How Park Hyatt Paris-Vendôme disrupted its lobby design

GOSTELOW REPORT—“I may not be an architect but after 45 years in the hotel business, I think I have knowledge as well as a passion for design,” says Claudio Ceccherelli, general manager of the 156-room Park Hyatt Paris-Vendôme, in the center of Paris.

“I have had the rare opportunity of working with Ed Tuttle, the Seattle-born designer who created masterpiece interiors for such hotels as Park Hyatt Milano, which I opened, and here, at Park Hyatt Paris-Vendôme. We are all mourning the news that he passed away last Sunday, 21st June 2020, aged only 75,” he shared in an atypically sad moment.  

Park Hyatt Paris-Vendôme, a conversion of the 1891 palace built for fashion designer Jeanne Paquin, 1869-1936, and today owned by Hyatt, re-opens 1st September. “There is no point opening earlier as main markets for Parisian palaces – USA, Middle East, Japan, China – won’t yet travel back to Paris,” he explained.

Claudio Ceccherelli considers flowers for his new-look lobby-lounge-bar.
Claudio Ceccherelli considers flowers for his new-look lobby-lounge-bar.

Regulars returning will, after coming in a mere 60 feet in from the hotel’s main entrance on Rue de la Paix, see a design change, led by the GM.

“We will have a new free-flow lobby concept. Until now the total space, which is about 2,000 square feet in all, had sitting areas and a casual dining area that served breakfast and lunch but closed at 3 p.m. The space fortunately has a two-way log-look fireplace that previously separated the dining area from the lounge area.”

The traditional concept of a hotel, a bar, a lounge and a restaurant with set mealtimes is being intentionally disrupted. “We are now looking for the proper name to explain our new concept and philosophy. It will offer eat anywhere, any time of day or evening. We will identify best-sellers over the last few years and have menus that are immediately popular. The central buffet station, mirrored to allow unusual views of the space, will be replaced by a bar counter with the same design but the concept will forever be a monument to Ed Tuttle.”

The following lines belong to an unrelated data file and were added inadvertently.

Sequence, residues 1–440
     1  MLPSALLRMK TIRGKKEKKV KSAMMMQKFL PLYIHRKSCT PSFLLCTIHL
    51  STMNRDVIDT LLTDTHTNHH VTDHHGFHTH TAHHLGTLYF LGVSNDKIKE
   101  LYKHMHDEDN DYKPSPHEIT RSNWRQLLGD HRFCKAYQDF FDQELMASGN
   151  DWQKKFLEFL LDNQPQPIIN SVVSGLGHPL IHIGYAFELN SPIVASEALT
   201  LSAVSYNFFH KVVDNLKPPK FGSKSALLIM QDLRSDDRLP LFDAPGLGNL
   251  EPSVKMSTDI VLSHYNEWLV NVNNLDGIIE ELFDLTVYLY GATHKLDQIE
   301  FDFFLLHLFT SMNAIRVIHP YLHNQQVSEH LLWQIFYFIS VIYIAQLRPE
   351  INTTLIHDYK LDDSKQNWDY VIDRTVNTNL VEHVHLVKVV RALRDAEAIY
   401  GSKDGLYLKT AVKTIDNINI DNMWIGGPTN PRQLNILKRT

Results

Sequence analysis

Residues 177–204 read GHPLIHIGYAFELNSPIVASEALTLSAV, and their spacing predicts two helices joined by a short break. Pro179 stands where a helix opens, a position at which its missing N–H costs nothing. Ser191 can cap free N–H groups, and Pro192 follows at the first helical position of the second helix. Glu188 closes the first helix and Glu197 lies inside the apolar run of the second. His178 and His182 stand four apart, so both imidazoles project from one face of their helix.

One feature of Paris palaces is a central courtyard, and Ceccherelli designs this, too – generally twice a year. “Usually, right through to fall, we would have our courtyard themed for al fresco outdoor eating. This year, this is not happening, but we are already planning what to do for summer 2021, and, meanwhile, we are working hard on the courtyard’s winter-long wood chalet which has, since 2015, been serving cold-weather goodies, say hot gluhwein and raclette,” this enthusiast continued.

How will disruption affect loyal local diners and regular hotel guests? They will still find the hotel’s fine dining restaurant, the Michelin-starred Pur’Grill, which will, apart from social distancing of tables, be unchanged. Ceccherelli will leave this operation, whose success he says is guaranteed, to its chef, Jean-François Rouquette, and the F&B team. His current creativity can go into the new-look free-flow.

“Use of space is so strategic and determinant for the success of any hotel or outlet; when I was working in Monte-Carlo, we put in the tunnel that connects Hôtel de Paris and its sibling, Hôtel Hermitage, to Les Thermes Marins wellness. Later, at Villa d’Este on Lake Como, Italy, we constructed a tunnel from the main hotel to the wellness there,” Ceccherelli explained.

There is neither need, nor opportunity, for a tunnel at Park Hyatt Paris-Vendôme. He knows his challenge here is making the first-floor space innovative and even more appealing. “With new tabletop and flowers that change with the season, we will continue an association with beauty, instilled by Ed Tuttle, that goes way back to the days of Mme Paquin,” he promised.